Learning About Ourselves From Mice

Learning About Ourselves From Mice

Did you ever wonder what goes in the social life of a mouse? Or how mice suffering from autism and other neuropsychiatric disorders manage their lives? I don’t suppose many of us have given it much thought, but Dr. Tali Kimchi and her colleagues in the Neurobiology Department at Weizmann Institute are an exception to that assumption. Through research, they discovered that the social interactions of mice are so similar to that of humans, that there is great potential to use them as guinea pigs in studies that will benefit humans.

First in the World Automated Tracking System

Dr. Kimchi devised her research techniques during her post-doc studies at Harvard University. In 2008, she went to work at Israel’s Weizmann Institute, where she spent more than three years building an automated system her team could use to study the relationship between the behaviors of people groups and field mice. Typically, lab experimentation with mice is done with a small cage and two of the rodents, but she built a cage that was three square feet in size. Instead of putting two mice in, she put in five male mice that were strangers to one another and of the same strain and age. The field mice went in well-equipped with a telemetry system that was invented and patented at Weizmann for the purpose of tracking their every movement. And track they did! With their hi-tech infrared equipment, every movement of those mice was recorded.

I’m the Leader Here!

So, you’re wondering. What did the mice do that was so interesting? First of all, within hours of meeting one another in the cage, a class system was developed that remained throughout. One mouse in each of the groups of five chose itself to be King of the Herd, or the alpha male. Next in line came the beta, or the one hoping the alpha would die so that he could take over the tribe. The three remaining mice maintained their lowly positions. The dominant male gave himself total control, meaning he was in charge of everything that went on in those three square feet, including food, water and even mating. The most interaction was noted between the dominant male and the mouse in position #2.  Then, to mix things up a little, two female mice were added to the mix. Boy did that upset the balance. Suddenly, all five of the male mice became more sociable. By monitoring each group for 1 ½ weeks, the team identified many social behaviors, including how they found certain companions for rest or activities and how they avoided specific mice or attacked others. Using the results of the study, they learned to predict with more than 90% accuracy which mice would mate. They could also identify many individual behaviors, such as drinking, eating, sleeping, hiding and running. As a behaviorist, Dr. Kimchi found the results fascinating.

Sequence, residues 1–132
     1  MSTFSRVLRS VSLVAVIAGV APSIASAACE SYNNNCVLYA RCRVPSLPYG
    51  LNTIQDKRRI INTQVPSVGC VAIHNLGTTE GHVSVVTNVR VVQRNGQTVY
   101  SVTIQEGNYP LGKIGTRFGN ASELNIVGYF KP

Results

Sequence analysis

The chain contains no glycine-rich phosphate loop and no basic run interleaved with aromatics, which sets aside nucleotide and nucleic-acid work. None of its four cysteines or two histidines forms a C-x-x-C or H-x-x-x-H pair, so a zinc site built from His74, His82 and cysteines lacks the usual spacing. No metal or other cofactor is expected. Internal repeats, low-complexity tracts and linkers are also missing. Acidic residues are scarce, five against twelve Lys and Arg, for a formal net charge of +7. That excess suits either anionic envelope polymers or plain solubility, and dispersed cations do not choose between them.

Socially Dysfunctional Mice

I really don’t know if this happens in the wild, but the next challenge was to study mice with varying degrees of social behaviors. Mice that were specifically bred with autistic behaviors were introduced into the cages. The results were much different, in that they never established a social order and they were unstable in their relationships.  If one of them did declare himself the leader, he was quickly dethroned.

According to Dr. Kimchi, whose test results were published internationally, studying mice can deepen our understanding of all types of social behaviors, including abnormal behaviors as well as aggression, maternal and sexual behaviors, which can be applied to other species. Her research shows that 98% of a mouse’s genes correlate with humans, including hormones and brains. By using mice as models, she hopes her neuropsychotic research can be used to evaluate different treatments for various social disorders.